background img

I Dropped the F- Bomb and Kids Say the Darndest Things

posted by:

Yes. I dropped the “F” bomb. As in: right in front of my five-year-old. I came home one evening from work and decided to help Husband with the most important part of the dinner: open and pour the wine. As I walked back and forth around the kitchen, I did not bother to read the label on the wine. I only realized upon swiftly and expertly opening the bottle, I was dealing with a sparkling Moscato. As I watched-and felt, mostly- in horror as the Moscato got sprayed all over my face, dress and kitchen floor, I let out a heart-felt, totally-mean-it, “F%%&&K!!!!!!!!!!!!!!!!!!!!!!!!!!!”

I got THE look from Husband and yes, you guessed it,  from the noisy five-year-old, who asked for an explanation.  Now we know the word “FF%%&&K” is a Romanian word (I’m Romanian-American) and our teeth will fall out if we ever repeat it.

Despite what the title may lead you to believe, this is not about me as a parent. No, the story was just an intro to how we are put in awkward situation by our kids. You know, with their quick-wit and honest demeanor, say-it-as-it-is attitude. They can make us parents look bad.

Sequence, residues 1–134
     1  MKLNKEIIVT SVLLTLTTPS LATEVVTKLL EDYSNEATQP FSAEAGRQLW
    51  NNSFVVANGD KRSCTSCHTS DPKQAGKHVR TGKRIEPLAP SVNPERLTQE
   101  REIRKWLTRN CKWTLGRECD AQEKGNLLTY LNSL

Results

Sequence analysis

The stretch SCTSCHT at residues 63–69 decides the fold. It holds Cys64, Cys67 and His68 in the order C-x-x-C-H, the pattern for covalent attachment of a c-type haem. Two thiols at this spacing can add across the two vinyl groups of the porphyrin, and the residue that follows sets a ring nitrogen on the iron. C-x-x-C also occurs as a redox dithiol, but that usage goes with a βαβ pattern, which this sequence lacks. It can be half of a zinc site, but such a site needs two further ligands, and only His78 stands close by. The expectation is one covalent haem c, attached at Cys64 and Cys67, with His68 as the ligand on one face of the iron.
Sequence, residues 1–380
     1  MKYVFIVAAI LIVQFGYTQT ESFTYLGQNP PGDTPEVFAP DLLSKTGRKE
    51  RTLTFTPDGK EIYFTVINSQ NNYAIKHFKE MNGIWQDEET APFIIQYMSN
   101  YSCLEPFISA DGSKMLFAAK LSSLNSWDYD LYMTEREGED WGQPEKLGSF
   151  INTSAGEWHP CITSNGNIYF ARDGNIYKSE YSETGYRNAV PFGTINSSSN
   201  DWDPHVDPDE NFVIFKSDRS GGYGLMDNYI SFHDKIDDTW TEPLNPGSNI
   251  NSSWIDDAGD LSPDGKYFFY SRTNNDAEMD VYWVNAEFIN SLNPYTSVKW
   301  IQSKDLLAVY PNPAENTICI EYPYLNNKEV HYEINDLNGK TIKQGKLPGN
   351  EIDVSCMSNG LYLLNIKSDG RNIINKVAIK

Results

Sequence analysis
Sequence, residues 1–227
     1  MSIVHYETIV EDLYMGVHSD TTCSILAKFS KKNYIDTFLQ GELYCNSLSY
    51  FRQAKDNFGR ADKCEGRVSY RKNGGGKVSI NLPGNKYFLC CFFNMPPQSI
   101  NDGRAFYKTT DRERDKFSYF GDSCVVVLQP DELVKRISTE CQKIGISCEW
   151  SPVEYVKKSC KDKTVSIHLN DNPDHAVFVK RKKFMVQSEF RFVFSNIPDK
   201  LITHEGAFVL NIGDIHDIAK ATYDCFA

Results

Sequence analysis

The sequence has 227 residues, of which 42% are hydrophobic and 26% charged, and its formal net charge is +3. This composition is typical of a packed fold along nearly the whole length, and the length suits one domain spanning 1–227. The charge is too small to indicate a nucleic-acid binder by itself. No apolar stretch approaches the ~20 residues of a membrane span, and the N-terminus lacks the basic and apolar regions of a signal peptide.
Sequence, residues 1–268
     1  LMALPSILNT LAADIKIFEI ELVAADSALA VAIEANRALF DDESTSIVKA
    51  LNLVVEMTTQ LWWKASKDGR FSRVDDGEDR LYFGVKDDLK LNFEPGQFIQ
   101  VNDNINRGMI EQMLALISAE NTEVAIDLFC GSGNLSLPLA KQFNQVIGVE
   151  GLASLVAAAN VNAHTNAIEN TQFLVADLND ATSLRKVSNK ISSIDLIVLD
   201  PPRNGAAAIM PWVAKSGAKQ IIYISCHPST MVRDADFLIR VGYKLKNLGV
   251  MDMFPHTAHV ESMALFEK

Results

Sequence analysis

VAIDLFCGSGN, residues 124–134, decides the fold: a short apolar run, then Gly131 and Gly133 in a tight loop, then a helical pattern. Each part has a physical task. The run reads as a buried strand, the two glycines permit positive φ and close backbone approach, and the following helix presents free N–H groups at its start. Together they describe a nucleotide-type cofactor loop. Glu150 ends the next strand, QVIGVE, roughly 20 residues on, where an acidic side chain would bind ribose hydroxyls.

Last Halloween I imposed the same rule I always do: only two candies per kid and only before 8:30 p.m. After the kids brought the candy home and ate their share, they went upstairs (their cousins were here visiting from England) and I decided to lighten up the heavy load. I dove into my favorite Kit Kats (they are amazing with Malbec, if you ever wonder). As my son Matei came down, he immediately noticed some candies were missing (freaking pint-size Raymond Babbit) and asked if I had eaten some. I responded with a high-pitched “no.” I hadn’t realized I gave birth to Sherlock Holmes. He found the wrappings in the trash, picked ‘em up, put ‘em in my face and asked mockingly if the candies have eaten themselves. Mr. Sarcastic. Luckily for him, my intellectual prowess was greatly affected by the Malbec at the time, otherwise I am positive I would have come up with a smart, witty, put-you-in-your-place comment.